Thomas E. Haider is a cautionary tale for compliance officers across the country.
In one of the largest individual penalties levied by FinCEN (Financial Crimes Enforcement Network), the former chief compliance officer of MoneyGram International from 2003 to 2008 was fined $250,000 this month and banned from serving in a compliance function for any money transmitter for the next three years for creating what FinCEN in 2014 described as “an environment where fraud and money laundering thrived and dirty money rampaged.”
As part of the settlement, FinCEN says Haider has accepted responsibility for:
- Failing to close outlets involved in consumer fraud schemes.
- Not developing policies for closing outlets at a high risk of fraud.
- A poorly designed anti-money laundering (AML) program that didn’t share fraud information with internal analysts who filed SARs reports.
All Eyes on BSA
It’s been a long road to this settlement, which has drawn the attention of the compliance field since FinCEN first assessed a $1 million penalty against Haider in 2014 for failing to follow the Bank Secrecy Act’s AML provisions. The U.S. Attorney’s Office for the Southern District of New York was brought in to enforce the penalty.
The message to compliance officers is clear: Compliance officers are not figure heads. FinCEN believes CCOs can be personally responsible for their BSA/AML programs.
“Despite being presented with various ways to address clearly illicit use of the financial institution, the individual failed to take required actions designed to guard the very system he was charged with protecting, undermining the purposes of the BSA,” said Acting FinCEN Director Jamal El-Hindi. “Holding him personally accountable strengthens the compliance profession by demonstrating that behavior like this is not tolerated within the ranks of compliance professionals.”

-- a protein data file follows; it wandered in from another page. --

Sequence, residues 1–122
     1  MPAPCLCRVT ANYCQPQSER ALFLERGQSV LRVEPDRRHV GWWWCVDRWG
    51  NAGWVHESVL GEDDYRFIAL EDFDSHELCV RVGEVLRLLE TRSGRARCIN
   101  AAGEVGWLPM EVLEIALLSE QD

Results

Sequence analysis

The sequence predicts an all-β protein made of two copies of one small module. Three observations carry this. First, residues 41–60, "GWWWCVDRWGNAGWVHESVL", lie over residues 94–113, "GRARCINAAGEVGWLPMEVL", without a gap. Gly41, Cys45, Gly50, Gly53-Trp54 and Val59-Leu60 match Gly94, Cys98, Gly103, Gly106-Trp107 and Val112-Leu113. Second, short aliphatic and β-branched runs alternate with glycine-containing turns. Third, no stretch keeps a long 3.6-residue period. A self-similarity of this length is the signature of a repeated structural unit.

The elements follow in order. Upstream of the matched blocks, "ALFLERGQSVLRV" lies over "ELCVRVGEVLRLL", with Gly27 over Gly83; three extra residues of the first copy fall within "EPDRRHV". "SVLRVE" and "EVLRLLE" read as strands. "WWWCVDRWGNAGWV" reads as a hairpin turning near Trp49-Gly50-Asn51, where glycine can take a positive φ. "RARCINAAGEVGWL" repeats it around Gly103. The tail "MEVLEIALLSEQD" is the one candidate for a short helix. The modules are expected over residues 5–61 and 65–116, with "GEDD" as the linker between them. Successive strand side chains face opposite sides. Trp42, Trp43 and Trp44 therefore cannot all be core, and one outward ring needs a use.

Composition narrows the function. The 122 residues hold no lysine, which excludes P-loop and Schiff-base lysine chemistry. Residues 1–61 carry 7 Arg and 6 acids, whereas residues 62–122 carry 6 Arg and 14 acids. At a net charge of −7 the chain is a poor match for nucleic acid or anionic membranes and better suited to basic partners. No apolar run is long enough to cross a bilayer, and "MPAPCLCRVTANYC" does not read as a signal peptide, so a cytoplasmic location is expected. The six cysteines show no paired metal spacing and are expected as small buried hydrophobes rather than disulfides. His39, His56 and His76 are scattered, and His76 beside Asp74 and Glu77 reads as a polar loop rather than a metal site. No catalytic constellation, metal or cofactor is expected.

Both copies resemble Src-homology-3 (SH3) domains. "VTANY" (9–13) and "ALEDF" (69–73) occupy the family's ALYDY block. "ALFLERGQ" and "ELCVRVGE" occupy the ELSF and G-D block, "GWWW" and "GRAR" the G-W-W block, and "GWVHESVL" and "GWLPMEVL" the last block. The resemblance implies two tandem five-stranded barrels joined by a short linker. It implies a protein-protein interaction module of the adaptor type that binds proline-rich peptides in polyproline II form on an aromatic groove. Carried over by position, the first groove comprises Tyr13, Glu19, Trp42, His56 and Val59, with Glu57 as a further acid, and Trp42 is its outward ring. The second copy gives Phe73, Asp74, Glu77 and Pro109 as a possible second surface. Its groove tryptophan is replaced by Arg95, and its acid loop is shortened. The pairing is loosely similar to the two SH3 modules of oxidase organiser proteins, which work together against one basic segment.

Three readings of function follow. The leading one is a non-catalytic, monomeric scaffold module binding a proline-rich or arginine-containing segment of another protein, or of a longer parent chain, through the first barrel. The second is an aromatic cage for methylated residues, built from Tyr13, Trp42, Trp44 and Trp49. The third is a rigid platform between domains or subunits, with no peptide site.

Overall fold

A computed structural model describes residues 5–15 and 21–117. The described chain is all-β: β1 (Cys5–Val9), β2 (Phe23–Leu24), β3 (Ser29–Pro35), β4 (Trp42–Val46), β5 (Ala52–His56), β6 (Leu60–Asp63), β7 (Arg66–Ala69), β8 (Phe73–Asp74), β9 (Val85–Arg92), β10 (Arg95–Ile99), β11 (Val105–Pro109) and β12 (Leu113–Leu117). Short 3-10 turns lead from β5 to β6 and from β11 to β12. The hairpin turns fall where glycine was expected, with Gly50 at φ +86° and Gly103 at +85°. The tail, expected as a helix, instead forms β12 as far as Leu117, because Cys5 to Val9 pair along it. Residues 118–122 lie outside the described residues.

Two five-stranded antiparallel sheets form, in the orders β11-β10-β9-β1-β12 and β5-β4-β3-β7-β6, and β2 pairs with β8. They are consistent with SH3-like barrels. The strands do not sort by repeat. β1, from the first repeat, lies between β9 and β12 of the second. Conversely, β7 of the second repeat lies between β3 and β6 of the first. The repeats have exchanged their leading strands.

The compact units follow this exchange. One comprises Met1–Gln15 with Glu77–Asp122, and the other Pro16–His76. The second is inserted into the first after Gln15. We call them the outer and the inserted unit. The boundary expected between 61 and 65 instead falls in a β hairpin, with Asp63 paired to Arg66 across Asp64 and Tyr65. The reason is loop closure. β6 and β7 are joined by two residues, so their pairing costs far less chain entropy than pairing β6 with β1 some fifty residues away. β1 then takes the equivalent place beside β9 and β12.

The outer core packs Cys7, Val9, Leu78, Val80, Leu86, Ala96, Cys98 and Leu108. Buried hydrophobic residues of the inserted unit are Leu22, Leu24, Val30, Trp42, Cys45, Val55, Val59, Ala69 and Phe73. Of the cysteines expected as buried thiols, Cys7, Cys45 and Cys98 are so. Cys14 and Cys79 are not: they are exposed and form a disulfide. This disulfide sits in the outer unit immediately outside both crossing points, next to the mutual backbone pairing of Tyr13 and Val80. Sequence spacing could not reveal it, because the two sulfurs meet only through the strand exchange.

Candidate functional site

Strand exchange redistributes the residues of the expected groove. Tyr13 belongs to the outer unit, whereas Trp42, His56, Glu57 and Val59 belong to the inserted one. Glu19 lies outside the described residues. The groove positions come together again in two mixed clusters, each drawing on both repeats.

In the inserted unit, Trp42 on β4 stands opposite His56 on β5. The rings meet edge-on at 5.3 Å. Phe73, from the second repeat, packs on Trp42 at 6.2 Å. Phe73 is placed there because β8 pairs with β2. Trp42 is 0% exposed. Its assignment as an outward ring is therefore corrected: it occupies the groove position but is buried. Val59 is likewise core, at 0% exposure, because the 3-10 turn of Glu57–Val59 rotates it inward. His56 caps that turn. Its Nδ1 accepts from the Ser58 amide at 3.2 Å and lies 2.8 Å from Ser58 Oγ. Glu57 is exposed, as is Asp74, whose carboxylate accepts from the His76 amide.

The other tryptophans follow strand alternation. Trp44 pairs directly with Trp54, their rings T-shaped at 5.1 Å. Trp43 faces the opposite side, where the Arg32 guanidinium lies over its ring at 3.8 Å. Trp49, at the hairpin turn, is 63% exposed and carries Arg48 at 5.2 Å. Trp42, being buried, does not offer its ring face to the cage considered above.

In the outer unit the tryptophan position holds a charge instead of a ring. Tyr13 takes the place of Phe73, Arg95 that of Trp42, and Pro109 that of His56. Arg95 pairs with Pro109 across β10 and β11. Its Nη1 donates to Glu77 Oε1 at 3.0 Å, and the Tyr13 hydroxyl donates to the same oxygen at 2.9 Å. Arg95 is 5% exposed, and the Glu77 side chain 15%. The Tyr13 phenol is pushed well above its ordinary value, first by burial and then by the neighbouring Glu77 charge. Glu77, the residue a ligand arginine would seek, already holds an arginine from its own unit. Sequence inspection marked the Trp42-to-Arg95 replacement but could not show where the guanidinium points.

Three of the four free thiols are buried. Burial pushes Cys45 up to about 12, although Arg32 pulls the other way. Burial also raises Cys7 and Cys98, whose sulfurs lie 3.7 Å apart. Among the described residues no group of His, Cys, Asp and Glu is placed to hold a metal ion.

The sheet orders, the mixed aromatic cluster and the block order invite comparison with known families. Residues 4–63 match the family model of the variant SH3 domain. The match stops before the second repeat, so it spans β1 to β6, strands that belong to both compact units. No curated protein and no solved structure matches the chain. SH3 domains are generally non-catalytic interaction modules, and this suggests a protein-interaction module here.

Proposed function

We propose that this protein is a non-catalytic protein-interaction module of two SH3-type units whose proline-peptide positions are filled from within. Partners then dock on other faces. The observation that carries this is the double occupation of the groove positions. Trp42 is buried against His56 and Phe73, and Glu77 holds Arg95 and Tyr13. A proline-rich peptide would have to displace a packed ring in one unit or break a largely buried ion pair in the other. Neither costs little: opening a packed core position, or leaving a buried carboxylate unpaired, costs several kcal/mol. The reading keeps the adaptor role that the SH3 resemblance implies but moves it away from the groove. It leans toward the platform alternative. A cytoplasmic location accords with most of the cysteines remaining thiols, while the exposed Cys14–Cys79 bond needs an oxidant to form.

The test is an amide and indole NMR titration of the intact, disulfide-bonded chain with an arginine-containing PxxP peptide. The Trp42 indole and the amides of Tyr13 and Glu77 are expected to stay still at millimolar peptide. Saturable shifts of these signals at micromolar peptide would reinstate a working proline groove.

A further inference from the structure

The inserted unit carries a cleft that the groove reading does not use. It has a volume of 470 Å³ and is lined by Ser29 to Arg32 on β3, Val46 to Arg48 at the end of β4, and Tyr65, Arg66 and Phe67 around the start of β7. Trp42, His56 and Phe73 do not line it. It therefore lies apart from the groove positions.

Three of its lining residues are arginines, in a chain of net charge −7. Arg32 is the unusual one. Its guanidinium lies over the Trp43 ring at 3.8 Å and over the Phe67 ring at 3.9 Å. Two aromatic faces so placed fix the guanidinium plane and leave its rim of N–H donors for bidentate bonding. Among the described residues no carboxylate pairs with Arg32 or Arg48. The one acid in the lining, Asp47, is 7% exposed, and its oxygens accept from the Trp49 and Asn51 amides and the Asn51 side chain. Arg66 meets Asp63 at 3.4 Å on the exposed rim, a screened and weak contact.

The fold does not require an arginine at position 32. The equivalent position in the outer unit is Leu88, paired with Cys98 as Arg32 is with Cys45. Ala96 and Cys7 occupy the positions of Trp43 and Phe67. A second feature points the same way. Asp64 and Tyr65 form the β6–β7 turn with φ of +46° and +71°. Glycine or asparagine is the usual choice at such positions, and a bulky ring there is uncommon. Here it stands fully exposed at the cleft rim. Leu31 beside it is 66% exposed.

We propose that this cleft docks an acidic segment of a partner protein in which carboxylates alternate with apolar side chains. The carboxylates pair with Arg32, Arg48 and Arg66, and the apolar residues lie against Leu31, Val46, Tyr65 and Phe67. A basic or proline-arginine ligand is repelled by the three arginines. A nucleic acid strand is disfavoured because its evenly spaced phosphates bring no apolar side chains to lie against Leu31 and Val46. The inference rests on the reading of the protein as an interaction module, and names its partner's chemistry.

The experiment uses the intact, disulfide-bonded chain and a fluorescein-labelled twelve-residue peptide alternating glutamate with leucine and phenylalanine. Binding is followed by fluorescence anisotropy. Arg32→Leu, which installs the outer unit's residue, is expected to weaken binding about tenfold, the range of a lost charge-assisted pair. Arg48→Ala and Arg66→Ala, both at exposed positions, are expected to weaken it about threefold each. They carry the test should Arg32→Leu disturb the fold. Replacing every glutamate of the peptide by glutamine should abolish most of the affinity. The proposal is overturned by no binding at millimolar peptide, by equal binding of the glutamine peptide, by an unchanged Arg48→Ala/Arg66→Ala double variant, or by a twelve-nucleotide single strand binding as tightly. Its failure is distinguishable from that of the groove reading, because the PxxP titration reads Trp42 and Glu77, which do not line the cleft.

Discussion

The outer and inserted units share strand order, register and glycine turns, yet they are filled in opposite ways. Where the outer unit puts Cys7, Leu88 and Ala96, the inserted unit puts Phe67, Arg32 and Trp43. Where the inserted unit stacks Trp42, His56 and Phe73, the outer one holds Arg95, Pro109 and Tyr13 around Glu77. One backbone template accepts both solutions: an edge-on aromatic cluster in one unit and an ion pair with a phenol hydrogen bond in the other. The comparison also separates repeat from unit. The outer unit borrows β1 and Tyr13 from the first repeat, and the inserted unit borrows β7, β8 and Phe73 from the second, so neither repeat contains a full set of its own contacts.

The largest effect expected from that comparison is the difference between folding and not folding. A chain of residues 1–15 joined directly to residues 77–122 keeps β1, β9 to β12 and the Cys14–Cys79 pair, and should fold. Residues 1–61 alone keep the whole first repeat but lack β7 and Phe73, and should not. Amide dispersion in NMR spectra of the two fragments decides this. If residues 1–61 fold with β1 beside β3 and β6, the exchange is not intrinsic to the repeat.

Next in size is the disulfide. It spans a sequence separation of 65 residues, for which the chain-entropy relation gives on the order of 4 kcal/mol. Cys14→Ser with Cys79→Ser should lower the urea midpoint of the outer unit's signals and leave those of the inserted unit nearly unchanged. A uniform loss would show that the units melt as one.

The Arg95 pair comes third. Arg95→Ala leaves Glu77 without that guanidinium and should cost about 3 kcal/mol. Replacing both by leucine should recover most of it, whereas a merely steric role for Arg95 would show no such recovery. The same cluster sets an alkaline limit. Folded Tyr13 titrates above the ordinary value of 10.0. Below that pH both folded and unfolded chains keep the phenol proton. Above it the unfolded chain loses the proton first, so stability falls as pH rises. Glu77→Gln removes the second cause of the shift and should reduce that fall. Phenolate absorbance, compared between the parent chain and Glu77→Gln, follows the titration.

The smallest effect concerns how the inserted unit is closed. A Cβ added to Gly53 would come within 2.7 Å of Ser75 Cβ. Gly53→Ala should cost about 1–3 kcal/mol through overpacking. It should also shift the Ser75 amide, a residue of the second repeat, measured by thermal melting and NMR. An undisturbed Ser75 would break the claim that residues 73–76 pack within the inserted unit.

An Extreme Case
The good news for compliance professionals is this seems to be a particularly egregious compliance failure, one the average chief compliance officer is unlikely to commit.
Haider’s failure to control fraud resulted in thousands of consumers, especially the elderly, getting tricked into sending money at participating MoneyGram outlets because they thought they were paying taxes on lottery winnings and prizes or upfront fees for a loan when they were really being scammed, FinCEN said.
As FinCEN put it in 2014, “His inaction led to thousands of innocent individuals being duped out of millions of dollars through fraud schemes that funneled, and sometimes laundered, their illicit profits through MoneyGram’s money transmission network.”
Haider claims regulators and outside consultants were satisfied by MoneyGram’s AML compliance program, Reuters reports.
While Haider’s situation is extreme, it serves as a reminder that compliance officers need sound BSA/AML practices in place and must ensure that they are followed.
It doesn’t just protect the financial institution. It protects the compliance officer, too.